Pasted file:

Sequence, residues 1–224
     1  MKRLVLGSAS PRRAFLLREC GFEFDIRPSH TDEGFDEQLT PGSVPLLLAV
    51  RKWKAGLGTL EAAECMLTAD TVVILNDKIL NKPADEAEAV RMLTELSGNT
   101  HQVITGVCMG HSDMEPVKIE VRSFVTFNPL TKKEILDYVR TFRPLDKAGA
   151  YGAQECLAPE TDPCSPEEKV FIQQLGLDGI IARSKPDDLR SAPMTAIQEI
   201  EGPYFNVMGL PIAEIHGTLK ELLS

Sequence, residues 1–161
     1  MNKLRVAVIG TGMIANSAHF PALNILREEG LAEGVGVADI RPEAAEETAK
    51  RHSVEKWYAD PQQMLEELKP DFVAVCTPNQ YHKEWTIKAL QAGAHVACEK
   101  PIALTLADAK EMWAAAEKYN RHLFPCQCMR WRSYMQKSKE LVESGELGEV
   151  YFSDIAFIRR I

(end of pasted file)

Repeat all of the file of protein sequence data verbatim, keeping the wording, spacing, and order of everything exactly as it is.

Sequence, residues 1–224
     1  MKRLVLGSAS PRRAFLLREC GFEFDIRPSH TDEGFDEQLT PGSVPLLLAV
    51  RKWKAGLGTL EAAECMLTAD TVVILNDKIL NKPADEAEAV RMLTELSGNT
   101  HQVITGVCMG HSDMEPVKIE VRSFVTFNPL TKKEILDYVR TFRPLDKAGA
   151  YGAQECLAPE TDPCSPEEKV FIQQLGLDGI IARSKPDDLR SAPMTAIQEI
   201  EGPYFNVMGL PIAEIHGTLK ELLS

Sequence, residues 1–161
     1  MNKLRVAVIG TGMIANSAHF PALNILREEG LAEGVGVADI RPEAAEETAK
    51  RHSVEKWYAD PQQMLEELKP DFVAVCTPNQ YHKEWTIKAL QAGAHVACEK
   101  PIALTLADAK EMWAAAEKYN RHLFPCQCMR WRSYMQKSKE LVESGELGEV
   151  YFSDIAFIRR I